In Story v. Novel, the story nearly always wins. In my opinion. I've written in both genres, and these days, when asked which I prefer, I say story. I like the precision of the language, the focus of the angle, the intensity placed on the moment. I like spending just that length of time, and no more, with that person and his or her mess. I have a short attention span. I grow impatient.
I've heard that's true of our national nature, in general, that we're in a hurry, USA Today far outsells The New York Times, and that immediate gratification still far outranks that other sort. We want our food fast and our weight loss even faster. We absorb information best delivered via bumper sticker. If this is so, I wonder why the short story isn't preferred by the Average Reader, that army of ADD-afflicted people who must make up the general and book-buying public. Take a poll, and you'll find that most people in the Story v. Novel conflict favor the novel. Just this spring The Atlantic Monthly joined many of its slick magazine peers by announcing that it would be cutting back on its offerings of short stories.
As for being a fiction writer, neither your agent nor anyone affiliated with New York publishing houses want to hear that the three hundred pages of prose you're prepared to send to them is a collection of stories. Their latest strategy in addressing this dilemma is to ask that you at least attempt to wrest a "Story Cycle" out of your collection, find some way or other to make the book resemble a novel. That, and the promise that, next time, you'll get your act together and produce something they can sink their teeth into, something they can take to the bank, a real live novel.
So okay, if we're so vapid and busy and distractible, this country of book buyers and readers, why do New York and John Q. Public desire the longer form? I'll take a stab at addressing this seeming paradox: short stories are depressing. Ask any undergraduate member of a class reading them exclusively. Short stories tell the tale of a single suffering soul—the man who's wakened to find himself transformed into a giant bug; the woman set loose in a landscape where the killer Misfit is afoot; the guy fixated on mending, replacing, adoring, and then losing his overcoat; or poor Nick Adams, who is sent relentlessly by his author to learn lessons he'd rather not know; or those Chekhovian mopes whose humanity is only restored after an intimate brush with humiliation. Short stories are about individuals, these mentioned above and many others. They are generally in the process of losing something (idealism, innocence, health, virginity, friends, a spouse, a child, a parent, their very life) with only the consolation of spiritual enlightenment to compensate. And said compensation, btw, is oftentimes a moot point, since, in many instances, the character has died and it's actually the reader who stands to benefit.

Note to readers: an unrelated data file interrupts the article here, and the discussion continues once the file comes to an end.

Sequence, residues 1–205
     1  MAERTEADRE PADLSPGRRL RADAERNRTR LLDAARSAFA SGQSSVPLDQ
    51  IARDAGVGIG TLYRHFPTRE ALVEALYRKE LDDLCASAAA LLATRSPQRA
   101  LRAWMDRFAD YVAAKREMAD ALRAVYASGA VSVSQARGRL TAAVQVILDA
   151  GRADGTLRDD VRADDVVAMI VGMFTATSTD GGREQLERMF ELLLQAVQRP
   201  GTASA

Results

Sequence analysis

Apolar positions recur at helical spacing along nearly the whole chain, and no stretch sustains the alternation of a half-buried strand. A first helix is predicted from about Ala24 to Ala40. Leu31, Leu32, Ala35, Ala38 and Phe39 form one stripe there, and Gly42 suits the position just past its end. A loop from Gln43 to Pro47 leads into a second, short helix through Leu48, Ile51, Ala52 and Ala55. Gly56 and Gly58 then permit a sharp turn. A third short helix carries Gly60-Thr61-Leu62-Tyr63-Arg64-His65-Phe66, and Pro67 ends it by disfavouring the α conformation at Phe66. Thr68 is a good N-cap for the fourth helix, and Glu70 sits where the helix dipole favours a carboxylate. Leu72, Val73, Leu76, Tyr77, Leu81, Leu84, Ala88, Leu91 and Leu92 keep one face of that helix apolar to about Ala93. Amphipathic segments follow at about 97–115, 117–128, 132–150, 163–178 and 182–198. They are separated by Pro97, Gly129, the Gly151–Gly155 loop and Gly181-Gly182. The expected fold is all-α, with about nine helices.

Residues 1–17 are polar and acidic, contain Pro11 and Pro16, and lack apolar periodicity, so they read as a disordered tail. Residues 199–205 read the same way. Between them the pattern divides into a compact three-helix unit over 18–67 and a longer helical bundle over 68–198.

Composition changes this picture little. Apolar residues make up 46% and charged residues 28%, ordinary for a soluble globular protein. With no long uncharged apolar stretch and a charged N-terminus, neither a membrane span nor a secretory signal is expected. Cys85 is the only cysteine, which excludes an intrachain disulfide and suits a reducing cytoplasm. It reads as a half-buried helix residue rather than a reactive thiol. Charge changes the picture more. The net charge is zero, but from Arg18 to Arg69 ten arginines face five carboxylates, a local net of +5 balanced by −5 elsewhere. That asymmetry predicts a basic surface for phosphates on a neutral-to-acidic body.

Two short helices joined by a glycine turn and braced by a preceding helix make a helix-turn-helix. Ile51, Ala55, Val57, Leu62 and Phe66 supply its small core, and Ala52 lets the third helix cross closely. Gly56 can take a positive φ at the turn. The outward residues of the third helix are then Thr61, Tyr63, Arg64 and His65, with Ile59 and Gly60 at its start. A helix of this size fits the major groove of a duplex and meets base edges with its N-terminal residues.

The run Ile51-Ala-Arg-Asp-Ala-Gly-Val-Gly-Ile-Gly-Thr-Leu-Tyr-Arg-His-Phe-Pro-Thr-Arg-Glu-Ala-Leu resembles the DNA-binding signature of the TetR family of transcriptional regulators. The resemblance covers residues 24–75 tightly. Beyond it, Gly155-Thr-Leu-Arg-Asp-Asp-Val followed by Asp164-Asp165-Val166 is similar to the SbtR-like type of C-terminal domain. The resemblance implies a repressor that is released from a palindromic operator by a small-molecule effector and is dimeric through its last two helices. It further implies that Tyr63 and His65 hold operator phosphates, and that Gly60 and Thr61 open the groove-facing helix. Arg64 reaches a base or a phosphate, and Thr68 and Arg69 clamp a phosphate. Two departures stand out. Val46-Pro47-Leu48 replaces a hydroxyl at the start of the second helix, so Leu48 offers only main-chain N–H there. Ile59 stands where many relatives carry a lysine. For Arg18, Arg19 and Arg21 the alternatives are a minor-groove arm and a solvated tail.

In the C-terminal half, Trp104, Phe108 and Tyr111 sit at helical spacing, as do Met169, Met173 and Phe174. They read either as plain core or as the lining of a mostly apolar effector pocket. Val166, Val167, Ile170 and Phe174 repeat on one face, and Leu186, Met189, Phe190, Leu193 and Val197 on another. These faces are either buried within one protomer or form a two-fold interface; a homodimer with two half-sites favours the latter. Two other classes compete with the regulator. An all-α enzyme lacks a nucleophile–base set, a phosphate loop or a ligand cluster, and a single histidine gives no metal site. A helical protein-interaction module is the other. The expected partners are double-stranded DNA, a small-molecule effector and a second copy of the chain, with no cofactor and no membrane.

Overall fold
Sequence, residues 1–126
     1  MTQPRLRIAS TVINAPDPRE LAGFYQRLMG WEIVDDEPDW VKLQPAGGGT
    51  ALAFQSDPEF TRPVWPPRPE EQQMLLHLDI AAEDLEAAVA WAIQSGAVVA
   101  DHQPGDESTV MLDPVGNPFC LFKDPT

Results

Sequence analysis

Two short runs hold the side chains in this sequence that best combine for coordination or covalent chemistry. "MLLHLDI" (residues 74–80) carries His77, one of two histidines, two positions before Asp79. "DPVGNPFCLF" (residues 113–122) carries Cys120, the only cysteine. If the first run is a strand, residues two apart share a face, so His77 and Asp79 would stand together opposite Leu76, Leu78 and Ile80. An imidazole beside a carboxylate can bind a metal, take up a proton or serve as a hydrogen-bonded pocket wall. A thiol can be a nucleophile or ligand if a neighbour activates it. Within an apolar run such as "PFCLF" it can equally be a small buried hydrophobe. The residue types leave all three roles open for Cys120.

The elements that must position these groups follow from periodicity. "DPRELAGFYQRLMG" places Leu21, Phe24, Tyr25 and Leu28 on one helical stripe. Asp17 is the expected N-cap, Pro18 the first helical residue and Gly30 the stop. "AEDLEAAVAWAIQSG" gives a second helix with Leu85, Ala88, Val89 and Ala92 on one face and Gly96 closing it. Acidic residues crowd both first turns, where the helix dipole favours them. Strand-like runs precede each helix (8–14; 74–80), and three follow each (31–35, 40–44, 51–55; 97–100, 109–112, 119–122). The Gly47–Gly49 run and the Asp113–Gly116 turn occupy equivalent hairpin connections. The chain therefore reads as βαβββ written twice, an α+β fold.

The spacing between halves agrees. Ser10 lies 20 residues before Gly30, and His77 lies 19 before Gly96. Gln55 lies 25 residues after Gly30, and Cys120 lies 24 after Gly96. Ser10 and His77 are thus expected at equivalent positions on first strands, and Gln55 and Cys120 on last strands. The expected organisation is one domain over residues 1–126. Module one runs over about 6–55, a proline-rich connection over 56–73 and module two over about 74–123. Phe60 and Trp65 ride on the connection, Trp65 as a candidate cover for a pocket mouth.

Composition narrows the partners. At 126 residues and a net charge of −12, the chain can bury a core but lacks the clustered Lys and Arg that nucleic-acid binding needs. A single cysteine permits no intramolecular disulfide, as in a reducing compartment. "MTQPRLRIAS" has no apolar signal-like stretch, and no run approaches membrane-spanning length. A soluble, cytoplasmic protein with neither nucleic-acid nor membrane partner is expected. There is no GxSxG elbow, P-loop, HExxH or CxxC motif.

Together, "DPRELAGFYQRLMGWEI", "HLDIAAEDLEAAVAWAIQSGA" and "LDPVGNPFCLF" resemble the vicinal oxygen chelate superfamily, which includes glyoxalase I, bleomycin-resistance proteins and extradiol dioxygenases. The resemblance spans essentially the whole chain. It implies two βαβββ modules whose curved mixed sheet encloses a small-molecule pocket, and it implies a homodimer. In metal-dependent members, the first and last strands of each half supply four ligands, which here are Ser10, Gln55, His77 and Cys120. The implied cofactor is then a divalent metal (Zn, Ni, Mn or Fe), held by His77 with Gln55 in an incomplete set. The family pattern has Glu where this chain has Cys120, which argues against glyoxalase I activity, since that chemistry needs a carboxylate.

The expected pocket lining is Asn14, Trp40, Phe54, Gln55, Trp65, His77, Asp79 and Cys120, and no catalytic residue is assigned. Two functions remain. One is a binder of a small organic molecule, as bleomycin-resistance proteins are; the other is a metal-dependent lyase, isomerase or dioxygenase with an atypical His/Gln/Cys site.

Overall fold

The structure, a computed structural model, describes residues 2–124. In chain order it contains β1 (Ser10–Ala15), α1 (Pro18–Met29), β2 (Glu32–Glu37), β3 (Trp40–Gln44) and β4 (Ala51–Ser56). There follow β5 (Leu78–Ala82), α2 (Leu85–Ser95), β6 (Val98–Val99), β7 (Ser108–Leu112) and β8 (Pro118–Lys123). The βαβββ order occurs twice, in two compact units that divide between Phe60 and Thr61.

As I see it, that's the problem with rooting for the short story: it's usually about an individual. And the shape of an individual's life is fixed: beginning, middle, end, which is to say: birth, life, death. The organic trajectory of a short story seems to reflect that basic, inevitable shape. In general, it declines.
But novels are usually about communities. There are whole groups of people for the reader to follow around, whether it's a small community like a family, or a big one like czarist Russia or turn-of-the-century New York City. And communities, unlike individuals, mostly survive. They carry on, even in the face of losing individual members; their trajectory, in other words, is not about decline but about sustenance, growth even. And I think that the reading public would rather take home that message, that one about enduring rather than expiring. There are many ways to reconcile death, to make peace with it, and I think the human animal instinctively gravitates toward reassurance that there's some point to its existence. Our children and grandchildren provide similar comfort: we won't be here, but they will. Sometimes that allows the panic-stricken mortal to breathe deeply and keep going.
The short story is a truncated exposure to a moment—protracted or brief—in an individual's existence. This character is generally in crisis, and the crisis reveals his or her true personality, the sum total of humanity available to him or her, and it's oftentimes insufficient. Woefully so. As a reader, you might identify with that sense of feeling inadequate to the task before you, and you might take some solace from the story, might deeply embrace some essential truth about the human condition and its puny, pathetic, highly limited frailty. Maybe. But maybe it just kills your buzz to read those depressing short stories that reiterate what you've no doubt already intuited: one sad day you're going to die. Many people don't like short stories—don't like them, don't understand them, won't read them, won't buy books of them.
Wouldn't take the care and time to write them well, wouldn't know where to send them when they were ready, couldn't enjoy the fruits of those labors in the form of the contents of this journal.
But there's "you," communal, and then there's "you," individual.
That's right, you.